I worked, as I have said, at "Space-General Division" of Aerojet - itself owned by a company called General Tire and Rubber - which provided some high-jinx at work. The whole company structure had offices in France and England - and there was system of telphoning amongst them. You could dial a number that got you to the General Tire headquarters in Akron, Ohio. Then you had a dial-tone and could do another to get you to France or England - and so forth. The switching was all mechanical, so to get a connexion all the way from your office to Akron to Paris to London back to Akron and back to El Monte to ring the guy in the neighbouring office was ... well, stupid, actually, and getting the connexion took minutes. But we thought it fun. I was, after all, just 20.
I had my first practical lessons in computer use there. I had done various bits and pieces at UCLA, but at SGC (Space-General Corporation), though I was not programming, I was running programmes, sometimes helping to debug them (all Fortran), driving back and forth to Azusa, where Aerojet (and the computer) were located - running card sorters, printers, etc - it was all quite instructive, and did, in fact, set me in practical computer work.
Life in Los Angeles at the time was riding on an economic high. Men (mostly men, in fact) were being paid high salaries. President Kennedy's space programme was in high gear. There was money everywhere.
Nevertheless, some people seemed to spend it faster than it came in. Edna and I had a friend named Phil Sollow. Phil was an engineer. He had bought a house, and a lot of furniture, all on debt. He was paid a lot more than I was. Nevertheless, the time came when he could not service his debt. This was short-term, as I recall, but he became our paying passenger, to save money. He was a race-car enthusiast, so I suppose his Alfa-Romeo (or was it a Lotus?) took a lot of petrol. For several months, he paid us $15 a week, I think it was, to take him to work.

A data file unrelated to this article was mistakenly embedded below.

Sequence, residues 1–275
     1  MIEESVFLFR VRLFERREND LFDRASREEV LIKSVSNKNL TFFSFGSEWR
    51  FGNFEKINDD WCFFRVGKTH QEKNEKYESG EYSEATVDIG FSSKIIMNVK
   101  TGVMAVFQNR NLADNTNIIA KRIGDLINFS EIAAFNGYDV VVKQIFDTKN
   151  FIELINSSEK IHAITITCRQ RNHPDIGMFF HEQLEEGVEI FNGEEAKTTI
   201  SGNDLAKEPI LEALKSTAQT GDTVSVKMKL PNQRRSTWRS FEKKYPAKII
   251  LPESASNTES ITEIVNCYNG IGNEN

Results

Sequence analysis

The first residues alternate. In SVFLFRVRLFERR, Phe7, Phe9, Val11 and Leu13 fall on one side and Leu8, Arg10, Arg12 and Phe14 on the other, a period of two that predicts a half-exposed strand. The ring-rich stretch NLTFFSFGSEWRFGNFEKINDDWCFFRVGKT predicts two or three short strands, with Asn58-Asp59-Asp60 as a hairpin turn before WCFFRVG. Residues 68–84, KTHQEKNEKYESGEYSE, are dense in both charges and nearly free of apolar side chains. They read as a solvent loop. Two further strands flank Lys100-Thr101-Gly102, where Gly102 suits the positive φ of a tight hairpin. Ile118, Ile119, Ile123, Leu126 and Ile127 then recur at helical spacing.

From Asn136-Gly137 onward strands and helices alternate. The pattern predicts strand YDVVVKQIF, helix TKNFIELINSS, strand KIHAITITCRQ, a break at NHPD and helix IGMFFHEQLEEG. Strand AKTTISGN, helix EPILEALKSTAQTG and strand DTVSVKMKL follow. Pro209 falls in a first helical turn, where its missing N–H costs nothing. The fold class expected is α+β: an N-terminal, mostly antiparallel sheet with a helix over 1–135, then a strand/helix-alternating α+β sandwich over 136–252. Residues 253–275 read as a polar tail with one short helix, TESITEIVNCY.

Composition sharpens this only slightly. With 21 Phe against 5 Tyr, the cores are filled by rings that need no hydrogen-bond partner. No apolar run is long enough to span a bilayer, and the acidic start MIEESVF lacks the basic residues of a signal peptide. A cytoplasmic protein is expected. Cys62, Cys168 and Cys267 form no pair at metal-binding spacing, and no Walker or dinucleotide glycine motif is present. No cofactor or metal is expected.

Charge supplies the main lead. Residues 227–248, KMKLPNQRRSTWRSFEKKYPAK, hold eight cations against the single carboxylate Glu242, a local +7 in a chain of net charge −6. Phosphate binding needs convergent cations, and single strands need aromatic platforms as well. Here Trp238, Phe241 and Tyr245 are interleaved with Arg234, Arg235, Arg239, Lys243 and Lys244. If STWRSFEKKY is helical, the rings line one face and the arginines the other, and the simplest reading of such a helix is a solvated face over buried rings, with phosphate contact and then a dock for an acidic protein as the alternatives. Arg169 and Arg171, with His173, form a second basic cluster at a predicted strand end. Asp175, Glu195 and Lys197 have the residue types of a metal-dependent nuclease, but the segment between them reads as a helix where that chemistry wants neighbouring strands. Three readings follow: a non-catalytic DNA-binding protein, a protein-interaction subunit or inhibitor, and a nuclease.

He regretted this decision at times. It is a wonder that I survived. I was a very scary driver - put it in the fast lane, keep it there at top speed it would go (not all that in my old Renault Dauphine) until a couple of hundred metres from the exit, then zoom through whatever traffic happened to be in the way. Phil, the racing enthusiastic, found it ... unnerving, and said so.
The Renault caused some consternation the day it caught fire. It had a rear engine. Driving to Aerojet one day, I was surprised to see a car pull up beside me, gesticulating. Look in the rear-view mirror. Flames coming from the bonnet.
I was near an exit, so I pulled off - and stopped right in front of a petrol station.
As I said, I was 20.
No, he didn't have a fire extinguisher, and get that thing away.
The fire brigade came soon and put it out - and the petrol station was able pretty quickly to replace the tubing that had leaked.
It's a wonder we survive to reproduce.
Edna and I had some nice times together then. We became fairly enthusiastic ice skaters, at the local rink. And I loved the Arcadia Arboretum, which we went to probably weekly for a while. We had dinner with a Romanian friend, an engineer at SGC, Elliot Kleinman.
All of this changed, if not instantly, at least very quickly, on 14 August, 1963, when Kathleen was born.